China, of course, already has issues with sexism, and the government is understandably hesitant to legalize something that might increase sexist attitudes among the general populace. Yet China is not a sexless society, and the objectification of women happens on billboards nationwide, just as it does in the United States. What separates pornography from regular old sexiness is, perhaps, its correlation to real-life violence against women.
Except, of course, that there doesn’t seem to be any such correlation. While various “family” related think tanks have made findings that connect pornography to real-life violence, independent laboratory studies have shown that even violent pornography has no real effect on men’s actual behavior. One 1986 study found that “exposure to the violent or nonviolent pornographic stimuli did not affect […] aggression,” and a 1996 study found that “exposure to violent pornography, even after provocation, produced essentially no antiwoman aggression, fantasies, or attitudes.”2 Some studies have even shown that porn can be good for you, and that many people feel it helps in their marriages or with their self-image.
There are, of course, studies that contradict these findings. But a true causal relationship between pornography and violence is difficult to support even on a large scale. According to the ACLU:
…a causal relationship [between pornography and sexism or violence] has never been established. The National Research Council’s Panel on Understanding and Preventing Violence concluded, in a 1993 survey of laboratory studies, that “demonstrated empirical links between pornography and sex crimes in general are weak or absent.”
Correlational studies are similarly inconclusive, revealing no consistent correlations between the availability of pornography in various communities or countries and sexual offense rates. If anything, studies suggest that a greater availability of pornography seems to correlate with higher indices of sexual equality. Women in Sweden, with its highly permissive attitudes toward sexual expression, are much safer and have more civil rights than women in Singapore, where restrictions on pornography are very tight.
So, back in China, is there any real reason that pornography is banned? If there is no correlation between legalized pornography and sexism or sex crimes, then there’s little likelihood of pornography seriously effecting China’s “harmonious society”. Furthermore, a legal domestic pornographic industry would provide massive economic benefits. Pornography is a multibillion dollar industry in the US and has the potential to make even more money in China’s massive marketplace, which already boasts more internet users than the US has people. Legal pornography would likely also cut down on the number of amateur sex scandals that rocked the internet, as netizens became used to the one-time novelty of seeing real Chinese people naked. Quite frankly, it could also serve as a form of sex education in a nation that still lags behind much of the Western world. And the Chinese government is certainly capable of regulating what can or cannot be shown in pornographic films to prevent films that do promote negative attitudes towards women from being legally disseminated.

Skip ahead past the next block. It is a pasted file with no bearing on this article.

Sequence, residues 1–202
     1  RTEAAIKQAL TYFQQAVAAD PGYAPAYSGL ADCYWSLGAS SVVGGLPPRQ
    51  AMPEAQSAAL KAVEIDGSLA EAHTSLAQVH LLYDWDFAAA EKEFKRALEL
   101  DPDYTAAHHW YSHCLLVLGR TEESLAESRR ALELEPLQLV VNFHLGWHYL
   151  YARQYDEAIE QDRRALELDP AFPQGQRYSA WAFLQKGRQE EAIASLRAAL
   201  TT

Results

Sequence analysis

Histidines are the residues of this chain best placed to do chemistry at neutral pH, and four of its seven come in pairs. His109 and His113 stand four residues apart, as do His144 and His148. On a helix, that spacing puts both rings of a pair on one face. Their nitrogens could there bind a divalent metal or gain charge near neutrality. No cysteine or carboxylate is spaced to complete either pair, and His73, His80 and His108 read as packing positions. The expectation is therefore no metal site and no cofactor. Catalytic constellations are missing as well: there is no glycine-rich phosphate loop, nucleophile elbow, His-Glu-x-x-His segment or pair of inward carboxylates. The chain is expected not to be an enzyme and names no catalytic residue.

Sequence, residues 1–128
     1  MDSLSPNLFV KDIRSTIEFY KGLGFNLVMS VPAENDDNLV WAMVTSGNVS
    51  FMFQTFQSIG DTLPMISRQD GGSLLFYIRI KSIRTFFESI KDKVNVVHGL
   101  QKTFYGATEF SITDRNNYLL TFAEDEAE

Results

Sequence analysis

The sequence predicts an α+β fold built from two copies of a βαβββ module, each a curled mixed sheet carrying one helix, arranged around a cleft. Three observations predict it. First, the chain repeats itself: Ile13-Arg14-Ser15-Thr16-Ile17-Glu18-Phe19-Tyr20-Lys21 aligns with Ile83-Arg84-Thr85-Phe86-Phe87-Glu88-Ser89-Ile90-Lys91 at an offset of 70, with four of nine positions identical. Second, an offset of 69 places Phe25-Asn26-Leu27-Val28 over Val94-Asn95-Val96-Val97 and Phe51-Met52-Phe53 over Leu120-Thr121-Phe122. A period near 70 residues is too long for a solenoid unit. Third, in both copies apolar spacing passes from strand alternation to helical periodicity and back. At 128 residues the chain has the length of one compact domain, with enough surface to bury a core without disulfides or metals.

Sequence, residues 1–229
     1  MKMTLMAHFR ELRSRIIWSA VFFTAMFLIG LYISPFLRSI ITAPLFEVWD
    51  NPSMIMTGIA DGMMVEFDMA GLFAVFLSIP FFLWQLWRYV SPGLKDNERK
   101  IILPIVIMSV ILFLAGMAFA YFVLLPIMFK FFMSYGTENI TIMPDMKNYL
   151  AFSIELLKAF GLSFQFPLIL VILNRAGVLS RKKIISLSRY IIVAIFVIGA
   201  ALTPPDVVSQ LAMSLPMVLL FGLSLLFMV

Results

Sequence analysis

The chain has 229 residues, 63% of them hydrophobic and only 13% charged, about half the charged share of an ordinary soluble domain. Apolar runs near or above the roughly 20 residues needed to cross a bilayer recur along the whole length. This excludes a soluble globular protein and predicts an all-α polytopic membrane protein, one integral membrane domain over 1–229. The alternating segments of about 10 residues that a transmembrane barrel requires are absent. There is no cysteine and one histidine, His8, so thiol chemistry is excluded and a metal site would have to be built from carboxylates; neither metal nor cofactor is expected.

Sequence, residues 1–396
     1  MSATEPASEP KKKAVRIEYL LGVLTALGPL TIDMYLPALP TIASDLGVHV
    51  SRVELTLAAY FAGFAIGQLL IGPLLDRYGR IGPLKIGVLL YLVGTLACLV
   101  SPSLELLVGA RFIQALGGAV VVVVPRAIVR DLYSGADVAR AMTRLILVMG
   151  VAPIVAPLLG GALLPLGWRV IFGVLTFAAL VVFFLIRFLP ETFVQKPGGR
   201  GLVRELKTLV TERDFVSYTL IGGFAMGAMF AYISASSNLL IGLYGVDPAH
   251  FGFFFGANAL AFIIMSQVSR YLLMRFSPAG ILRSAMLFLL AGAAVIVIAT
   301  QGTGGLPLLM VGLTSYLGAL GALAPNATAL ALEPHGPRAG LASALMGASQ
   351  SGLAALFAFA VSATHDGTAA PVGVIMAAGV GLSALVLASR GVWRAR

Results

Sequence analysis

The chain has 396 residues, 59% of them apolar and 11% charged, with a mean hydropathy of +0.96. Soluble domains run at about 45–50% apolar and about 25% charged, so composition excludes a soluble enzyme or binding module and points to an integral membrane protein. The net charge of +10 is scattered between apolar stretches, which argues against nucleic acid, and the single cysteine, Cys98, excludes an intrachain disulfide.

What, one wonders, does the Chinese government gain from banning pornography? Certainly, many Chinese share a belief that pornography is bad, but if there’s science to prove that pornography doesn’t really have a negative affect on society, then wouldn’t it be relatively easy for the government to overcome these stereotypes with a few PSAs and, perhaps, some tactful propaganda banners? And don’t the potential benefits (discussed in the paragraph above) seem to outweigh the risks?
If nothing else, a domestically-regulated porn industry would free many Chinese from the horrors of having to watch pornography imported from — gulp — Japan. But what do you think?